DALLAS -- (03/08/2018) -- About 25 million Americans have asthma and the number continues to go up. One in eleven children have it. One in twelve adults. While medical researchers still don’t know exactly what causes asthma, they can treat it better than ever before.
Until a trip to China, 58-year-old Scott Collins enjoyed running and playing sports without any problems. But ten years ago on that trip, he started wheezing and was diagnosed with adult onset asthma.
“I remember friends of mine when I was a kid who had asthma, thinking about what that would be like and glad I didn’t have it. And so for me, to have it and to get it at that late stage really was a shock,” Collins shared.
But now Scott controls his asthma with an inhaler, regular medication and trips to see his doctor.
Mark W. Millard, MD, FCCP, Baylor Martha Foster Lung Center, Wanda and Collins Burton Endowed Chair in Pulmonology at Baylor University Medical Center says, “The fact is that we don’t know why some people have it as adults. We don’t know what factors of the environment that interact with this genetic predisposition.”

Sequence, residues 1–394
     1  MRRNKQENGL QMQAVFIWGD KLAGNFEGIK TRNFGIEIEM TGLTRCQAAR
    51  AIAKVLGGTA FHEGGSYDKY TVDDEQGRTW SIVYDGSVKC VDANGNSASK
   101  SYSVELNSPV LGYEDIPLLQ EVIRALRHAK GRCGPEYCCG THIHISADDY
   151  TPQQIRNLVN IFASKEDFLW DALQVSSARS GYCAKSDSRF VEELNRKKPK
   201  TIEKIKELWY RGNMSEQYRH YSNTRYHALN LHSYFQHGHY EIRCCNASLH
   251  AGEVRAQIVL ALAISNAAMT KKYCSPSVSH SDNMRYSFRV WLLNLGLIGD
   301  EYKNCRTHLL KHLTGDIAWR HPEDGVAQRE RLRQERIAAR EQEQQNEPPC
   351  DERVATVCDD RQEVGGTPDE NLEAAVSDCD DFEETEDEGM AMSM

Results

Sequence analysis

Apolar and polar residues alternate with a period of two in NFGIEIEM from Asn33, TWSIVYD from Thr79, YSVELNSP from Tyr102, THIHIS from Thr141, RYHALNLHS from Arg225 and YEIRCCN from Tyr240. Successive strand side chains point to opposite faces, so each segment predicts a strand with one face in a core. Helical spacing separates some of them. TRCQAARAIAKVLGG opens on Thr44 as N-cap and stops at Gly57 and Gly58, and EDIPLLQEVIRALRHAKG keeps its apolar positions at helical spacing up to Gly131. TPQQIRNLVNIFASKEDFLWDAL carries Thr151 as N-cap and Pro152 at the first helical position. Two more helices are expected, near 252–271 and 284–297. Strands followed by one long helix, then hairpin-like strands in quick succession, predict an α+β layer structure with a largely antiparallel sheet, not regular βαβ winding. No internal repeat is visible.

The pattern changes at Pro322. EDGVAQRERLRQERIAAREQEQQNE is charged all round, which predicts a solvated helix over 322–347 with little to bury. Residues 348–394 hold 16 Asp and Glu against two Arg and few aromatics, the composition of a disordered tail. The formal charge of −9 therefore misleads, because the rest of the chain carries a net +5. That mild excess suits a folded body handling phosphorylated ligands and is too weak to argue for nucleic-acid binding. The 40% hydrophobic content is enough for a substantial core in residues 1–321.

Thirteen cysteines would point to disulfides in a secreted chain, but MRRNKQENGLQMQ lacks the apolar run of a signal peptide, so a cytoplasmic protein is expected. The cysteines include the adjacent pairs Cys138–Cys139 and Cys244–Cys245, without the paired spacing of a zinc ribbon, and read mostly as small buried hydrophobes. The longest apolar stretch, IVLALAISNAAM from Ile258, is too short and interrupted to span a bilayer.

Researchers suspect vulnerable genes triggered later in life by air pollution, viral infections, tobacco smoke, fumes or allergies are what bring on asthma. But here’s good news, we now have advanced medications that prevent or suppress asthmatic attacks altogether.
Dr. Millard continued, “It is one of the most exciting times in my professional career as we are poised on the crest of the wave to understand why someone develops asthma.”
With his asthma controlled, Scott is back on track, running with a great outlook on life.
“You gotta say, I’m gonna go do this. It’s not gonna stop me. It’s not gonna debilitate me,” Collins explained.
Remember, exercise can induce an asthma attack, but Dr. Millard says with proper medication and medical supervision people with asthma can exercise as much as anyone else.